Based on a children’s short story by Oscar Wilde, Clio Barnard’s The Selfish Giant is a rag and bone tale of friendship de profundis.
An Episode In The Life Of An Iron Picker by Mark Wilshin
CAUTION: Here be spoilers
Gone are the startling visual dramatics of Clio Barnard’s debut film The Arbor and in its place something altogether more conventional and more cinematic. Based on Oscar Wilde’s The Selfish Giant, Barnard’s film is a touching portrait of friendship, guilt and forgiveness. Yet it’s retained something of The Arbor, not only in the continuity of the name – now borne by the young truant at The Selfish Giant‘s centre – Arbor another put-upon child of inadequate parenting, but also in its council estate domestic intimacy, all grubby carpets and fenceless gardens. Of all the recent slew of British kitchen sink aspiration, from Ratcatcher to Fish Tank, The Selfish Giant recalls early Ken Loach the most, set in Yorkshire and a kind of hybrid between Kes and Cathy Come Home. But with great performances and a delicate, simple and moving story, Clio Barnard is a humanist filmmaker in her own right. Just more social than socialist.
Hyperactive and off his medication, Arbor (Conner Chapman) rails at the world from underneath his bed. Only his friend Swifty (Shaun Thomas) can coax him out. Together, they cruise the town on horseback, and when they catch two men stealing railway cables, it’s an unmissable opportunity to nick it from them and cash in the copper. At school Arbor’s mouthy and violent, and when Swifty’s bullied and Arbor holds his aggressor down for a knock-out punch, he’s happy to be excluded – eager to become a full-time scrap man. He’s a grafter and soon the boys are paying their family’s way, until they’re spotted stripping and burning stolen telephone cable casings. Caught somewhere between doing right by his family and doing wrong by the law – and used by the yard owner Kitten (Sean Gilder) to purloin precious metals, the stakes get higher as the two friends are driven apart – divided by a love of money and the love of horses.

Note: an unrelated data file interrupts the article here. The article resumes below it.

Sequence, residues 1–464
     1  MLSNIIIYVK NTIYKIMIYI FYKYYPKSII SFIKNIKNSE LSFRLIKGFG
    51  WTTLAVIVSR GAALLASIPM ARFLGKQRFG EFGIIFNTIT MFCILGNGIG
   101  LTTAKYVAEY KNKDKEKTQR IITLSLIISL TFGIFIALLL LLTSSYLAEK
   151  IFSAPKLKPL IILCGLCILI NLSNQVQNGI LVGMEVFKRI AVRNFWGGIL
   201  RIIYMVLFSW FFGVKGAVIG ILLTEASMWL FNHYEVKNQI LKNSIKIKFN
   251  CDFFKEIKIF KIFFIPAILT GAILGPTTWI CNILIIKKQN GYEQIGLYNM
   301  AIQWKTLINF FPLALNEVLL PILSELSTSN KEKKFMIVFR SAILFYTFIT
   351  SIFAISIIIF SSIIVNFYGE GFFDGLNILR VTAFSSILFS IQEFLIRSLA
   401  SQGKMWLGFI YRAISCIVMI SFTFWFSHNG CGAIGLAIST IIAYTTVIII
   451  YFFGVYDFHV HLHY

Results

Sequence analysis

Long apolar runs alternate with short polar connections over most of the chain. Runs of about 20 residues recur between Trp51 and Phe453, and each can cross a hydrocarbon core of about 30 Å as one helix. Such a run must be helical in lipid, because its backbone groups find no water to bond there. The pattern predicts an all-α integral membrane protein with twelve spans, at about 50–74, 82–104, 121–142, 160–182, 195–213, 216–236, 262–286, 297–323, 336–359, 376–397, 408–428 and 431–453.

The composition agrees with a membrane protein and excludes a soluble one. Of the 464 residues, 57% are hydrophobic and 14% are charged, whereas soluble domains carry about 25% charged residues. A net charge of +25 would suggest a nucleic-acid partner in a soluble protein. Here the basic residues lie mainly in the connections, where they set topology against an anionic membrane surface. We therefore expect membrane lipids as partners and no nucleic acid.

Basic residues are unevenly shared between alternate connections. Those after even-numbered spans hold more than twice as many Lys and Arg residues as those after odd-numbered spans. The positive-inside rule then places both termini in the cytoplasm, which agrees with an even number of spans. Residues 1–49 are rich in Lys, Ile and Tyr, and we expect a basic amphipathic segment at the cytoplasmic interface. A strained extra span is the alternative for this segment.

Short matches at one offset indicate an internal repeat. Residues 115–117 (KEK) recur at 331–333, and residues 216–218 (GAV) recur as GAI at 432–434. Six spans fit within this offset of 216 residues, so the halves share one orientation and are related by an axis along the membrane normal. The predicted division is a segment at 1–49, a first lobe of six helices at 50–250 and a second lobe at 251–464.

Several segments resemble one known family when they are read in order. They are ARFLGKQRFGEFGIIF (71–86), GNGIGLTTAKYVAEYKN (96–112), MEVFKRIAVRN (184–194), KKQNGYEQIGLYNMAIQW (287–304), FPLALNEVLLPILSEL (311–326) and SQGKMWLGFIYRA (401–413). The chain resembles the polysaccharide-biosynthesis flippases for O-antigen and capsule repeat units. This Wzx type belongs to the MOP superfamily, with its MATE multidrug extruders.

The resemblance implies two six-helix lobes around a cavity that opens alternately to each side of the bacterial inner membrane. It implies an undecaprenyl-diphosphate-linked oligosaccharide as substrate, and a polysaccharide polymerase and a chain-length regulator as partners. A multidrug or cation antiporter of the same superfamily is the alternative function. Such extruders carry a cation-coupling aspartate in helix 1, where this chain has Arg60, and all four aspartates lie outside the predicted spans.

Clio Barnard’s film is a far cry from Oscar Wilde’s short story of perpetual winter descending on a giant’s childless garden, but its central characters, updated and imbued with a new more mundane, industrial kind of tragedy, are similar – Kitten swaying between selfish greed and self-sacrificing generosity as well as Arbor’s grim, guilt-ridden innocence. To begin with, The Selfish Giant comes dangerously close to a TV drama – an estate-and-benefits tale of truancy and guilt-ridden, struggling parent – not exactly helped by its small-screen star cast. But gradually the film lays down its big-screen credentials, with haunting contemplative images of misty power station chimneys and star-lit horses. Electricity cables add a frisson of tension to this Oliver Twist story too, Arbor forced by his own Fagan to steal live cable from a pylon pit before being caught red-handed robbing copper bales from Kitten. But like the pair of horses tied up in the field below a broken power cable, the foal dead and the mother wrapped round a live wire, there’s a haunting inevitability to the family’s plight – of a single mother struggling to keep it together while her two sons head rapidly into criminality and violence.
With a brilliant performance from Conner Chapman as Arbor, The Selfish Giant goes beyond a story about friendship. It’s the boys’ care for each other that gives the film its structure – Arbor imagining Swifty enticing him from his attack of grief beneath the bed, their hands clasped together, as well as the film’s crux – a literally electrifying embodiment of friendship that leaves Swifty charred and Arbor emotionally scarred. Desolate and inconsolable, he camps outside Swifty’s house, and later underneath his bed again, desperate for his friend’s mother’s forgiveness. The not-so-selfish giant of a scrap merchant having taken the heat, Arbor is still left with his guilt, having been driven to risk his friend’s life for money. And now he’s back at square one – excluded from school, penniless and friendless.
A deeply moving and tender portrait of a friendship in the “grim up-north”, Clio Barnard’s The Selfish Giant is a terrifying parable where wayward, unruly sons of impoverished families get rich or die trying. There’s a poetry to the satanic mills and thrumming pylons, and a precarious lawlessness in the no-honour-among-thieves world of scrap. And while its monochrome morality betrays its children’s story beginnings and its Shameless cast its small-screen roots, The Selfish Giant is nevertheless a deceptively masterful piece of cinema with a warm heart that beats long after the credits have rolled.
The Selfish Giant is released on 25th October 2013 in the UK